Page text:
The Mountain View giant recently rolled out the Chrome 90 update with a new option to hide the Reading List, a new AV1 encoder, and more. Among these, there is another nifty feature that the software giant did not mention in the official changelog or blog post. Nonetheless, it was recently shown by Google Chrome’s Director of Engineering Adrienne Porter Felt via a tweet.
Chrome’s New “Copy Link to Highlight” Feature
As you can see, in the Chrome 90 update, you will be able to copy links of highlighted text to share with others. When the person, with whom you share the link, opens it on his/her device, it will lead to the particular part of the source text which you highlighted. The selected text will be highlighted in yellow.
This is pretty useful when you want to share a certain section of an article with someone to make your point. So, with this feature, just highlight the section you want to share, select the new “Copy link to highlight” button that appears in the right-click options menu, and share the link.
I tested it on the Canary version of Chrome running the Chrome 90 update and it worked perfectly fine for me. As you can see in the screenshots below, there is the new “Copy link to highlight” button included in the right-click options list.
So, if you head to this link, you will find the section, which I selected to share, highlighted in yellow in the video below.
As per reports, Google has been testing the ability of Chrome to shared web pages with highlighted text since last year. The company reportedly released a Chrome extension dubbed “Link to Text Fragment” to enable the option for users. However, with the Chrome 90 update, the company integrated the feature right into its browser.
Copy Link to Highlight Availability
Now, the “Copy link to highlight” feature, as per Adrienne, will gradually roll out to the users running the latest Chrome 90 update. However, if you’re running the Chrome 90 update and do not see the feature, you can enable it manually via the Chrome://flags copy-link-to-text Chrome flag. For more details about the usage of Chrome Flags, please watch the video given below at the end of the post.
Chrome Flags to Avoid
Well, not all chrome flags are useful. Some of the flags, at least by the time of writing this post, should be avoided. Either these are unstable and crash your site a lot or too buggy to test. Some of such flags are:
- Bleeding Edge Renderer Paths
- Site isolation opt-out
- Zero-copy rasterizer
Why should we use Chrome Flags?
Most of the chrome flags are really handy and should definitely be used for an average user or a developer. Following are some of the highlighted points of chrome flags which show that, Yes, we should use chrome flags.
- Chrome Flags should be used for low powered PC or a low-end Android device. Thanks to various Chrome flags we mentioned above, we can bring a lot of performance improvements to our Chrome experience which include better page rendering, faster page & image loading, etc to name a few.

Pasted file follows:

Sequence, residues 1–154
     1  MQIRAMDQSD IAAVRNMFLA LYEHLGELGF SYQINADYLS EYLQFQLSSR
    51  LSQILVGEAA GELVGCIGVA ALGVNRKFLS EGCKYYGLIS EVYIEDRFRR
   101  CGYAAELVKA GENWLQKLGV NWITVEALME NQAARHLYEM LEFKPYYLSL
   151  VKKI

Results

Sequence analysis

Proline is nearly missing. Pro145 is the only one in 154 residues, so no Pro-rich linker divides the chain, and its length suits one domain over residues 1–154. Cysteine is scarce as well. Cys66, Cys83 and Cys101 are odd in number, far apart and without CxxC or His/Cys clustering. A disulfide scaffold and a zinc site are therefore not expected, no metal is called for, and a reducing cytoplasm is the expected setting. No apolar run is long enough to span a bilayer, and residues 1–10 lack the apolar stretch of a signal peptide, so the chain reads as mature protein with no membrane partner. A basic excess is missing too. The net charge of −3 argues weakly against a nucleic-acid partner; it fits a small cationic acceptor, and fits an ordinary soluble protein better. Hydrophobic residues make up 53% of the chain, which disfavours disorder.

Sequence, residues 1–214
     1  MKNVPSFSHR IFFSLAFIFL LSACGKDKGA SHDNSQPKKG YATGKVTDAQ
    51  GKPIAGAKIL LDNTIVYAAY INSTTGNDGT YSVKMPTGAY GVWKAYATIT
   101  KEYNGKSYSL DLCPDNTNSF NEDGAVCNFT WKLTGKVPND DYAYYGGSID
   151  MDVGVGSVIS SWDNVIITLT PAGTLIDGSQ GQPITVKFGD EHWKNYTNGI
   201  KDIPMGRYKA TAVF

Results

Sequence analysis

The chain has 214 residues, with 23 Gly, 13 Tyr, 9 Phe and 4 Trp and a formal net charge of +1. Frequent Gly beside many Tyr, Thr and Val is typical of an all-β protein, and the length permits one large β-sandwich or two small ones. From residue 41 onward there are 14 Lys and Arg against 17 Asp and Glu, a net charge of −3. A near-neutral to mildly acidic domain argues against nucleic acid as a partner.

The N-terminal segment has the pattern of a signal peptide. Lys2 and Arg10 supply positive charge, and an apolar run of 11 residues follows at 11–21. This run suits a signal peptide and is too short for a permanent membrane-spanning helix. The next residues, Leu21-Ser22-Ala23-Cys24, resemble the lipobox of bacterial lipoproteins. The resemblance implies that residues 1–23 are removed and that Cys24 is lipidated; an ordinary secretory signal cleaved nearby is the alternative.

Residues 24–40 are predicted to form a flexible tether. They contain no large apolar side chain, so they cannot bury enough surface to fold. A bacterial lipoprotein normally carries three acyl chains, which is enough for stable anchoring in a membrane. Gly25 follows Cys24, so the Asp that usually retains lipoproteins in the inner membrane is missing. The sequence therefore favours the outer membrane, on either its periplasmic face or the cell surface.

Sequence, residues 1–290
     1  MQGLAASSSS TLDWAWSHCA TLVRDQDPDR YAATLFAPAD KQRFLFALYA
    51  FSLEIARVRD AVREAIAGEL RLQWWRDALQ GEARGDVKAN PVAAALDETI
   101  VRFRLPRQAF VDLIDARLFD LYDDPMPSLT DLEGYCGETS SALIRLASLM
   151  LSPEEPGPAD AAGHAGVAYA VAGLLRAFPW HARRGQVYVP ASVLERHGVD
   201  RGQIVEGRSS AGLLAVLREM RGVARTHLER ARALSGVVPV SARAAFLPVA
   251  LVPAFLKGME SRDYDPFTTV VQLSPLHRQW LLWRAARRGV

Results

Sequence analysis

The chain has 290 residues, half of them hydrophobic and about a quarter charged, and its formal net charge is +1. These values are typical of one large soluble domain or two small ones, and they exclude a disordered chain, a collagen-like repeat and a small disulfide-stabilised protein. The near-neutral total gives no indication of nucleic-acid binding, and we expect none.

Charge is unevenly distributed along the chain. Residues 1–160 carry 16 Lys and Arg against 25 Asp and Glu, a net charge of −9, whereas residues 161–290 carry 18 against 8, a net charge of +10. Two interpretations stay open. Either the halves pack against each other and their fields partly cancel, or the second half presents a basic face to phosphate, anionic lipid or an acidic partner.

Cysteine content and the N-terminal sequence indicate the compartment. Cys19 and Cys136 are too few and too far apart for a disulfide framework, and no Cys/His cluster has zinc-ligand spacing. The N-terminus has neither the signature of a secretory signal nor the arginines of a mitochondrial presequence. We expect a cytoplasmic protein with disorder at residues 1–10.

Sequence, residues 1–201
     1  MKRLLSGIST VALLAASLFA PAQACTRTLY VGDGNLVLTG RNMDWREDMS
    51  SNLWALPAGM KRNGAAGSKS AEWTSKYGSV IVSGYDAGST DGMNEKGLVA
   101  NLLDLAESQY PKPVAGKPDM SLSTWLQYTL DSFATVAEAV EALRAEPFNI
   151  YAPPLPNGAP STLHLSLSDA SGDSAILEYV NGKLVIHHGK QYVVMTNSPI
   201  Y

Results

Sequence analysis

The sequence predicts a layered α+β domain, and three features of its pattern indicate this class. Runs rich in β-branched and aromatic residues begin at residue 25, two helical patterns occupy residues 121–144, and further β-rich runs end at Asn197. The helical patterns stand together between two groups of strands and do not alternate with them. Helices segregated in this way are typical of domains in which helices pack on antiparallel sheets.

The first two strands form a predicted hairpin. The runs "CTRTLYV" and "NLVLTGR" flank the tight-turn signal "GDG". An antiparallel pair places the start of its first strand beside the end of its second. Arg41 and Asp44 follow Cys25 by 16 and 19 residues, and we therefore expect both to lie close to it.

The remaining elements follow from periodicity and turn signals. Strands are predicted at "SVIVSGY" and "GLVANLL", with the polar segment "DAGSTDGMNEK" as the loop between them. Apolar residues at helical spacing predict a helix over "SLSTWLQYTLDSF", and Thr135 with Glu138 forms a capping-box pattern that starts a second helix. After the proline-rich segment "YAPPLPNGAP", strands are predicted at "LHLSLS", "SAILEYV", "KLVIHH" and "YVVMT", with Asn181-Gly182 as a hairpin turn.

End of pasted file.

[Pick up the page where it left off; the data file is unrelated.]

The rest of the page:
- Apart from performance improvements, various Chrome flags also bring features that aren’t part of the stable consumer Chrome build. For example, “Download Resumption” is one feature we have been wanting for a long time and thanks to flags, you can enable them.
- The flags are basically designed for developers who early want to test or access different features and also a boon for developers who can test their apps before release and make sure that it works equally well in diverse situations. Chrome flags are certainly a win-win for both consumers and developers.
If you don’t see the Chrome Flag you’re looking for, it might have been discontinued or built into regular Chrome – or it might not have made it into Flags for regular Chrome yet. Try Chrome Canary or Devs to see more Flags.
Top 10+ Most Amazing Flags You Must Use [Urdu/Hindi]
- [0:03] What is Developers Option (in Android)?
- [0:20] What are Chrome Flags?
- [1:23] How to enable Chrome Flags?
- [2:16] Important note regarding Chrome Flags
- [3:50] How to use Chrome Flags?
- [4:05] Top 10 Chrome Flags you must use
- [4:58] How to access/search for any Chrome Flag?
- [4:31] #1 Flag – Download Resumption
- [6:55] #2 Flag – Lazy Image Loading
- [8:16] #3 Flag – Maximum Tiles for Interest Area
- [9:13] #4 Flag – Parallel Downloading
- [9:37] #5 Flag – Show Autofill Predictions
- [10:12] #6 Flag – Smooth Scrolling
- [10:39] #7 Flag – Tab Freeze and Discard
- [11:31] #8 Flag – Save Passwords Automatically
- [11:51] #9 Flag – Password Generation
- [12:24] #10 Flag – Games Hub
- [12:45] #11 Flag – Experimental Canvas Features
- [13:05] #12 Flag – Chrome Duet
- [13:33] #13 Flag – Automatic Spelling Correction
- [14:01] Important Flags for Developers
- [14:32] Chrome Flags Usage Precautions
- [15:00] Chrome Flags to Avoid
- [15:11] Advantages of Chrome Flags
So, what do you think of Google Chrome Flags, tell us your favourite flags in the comments section below.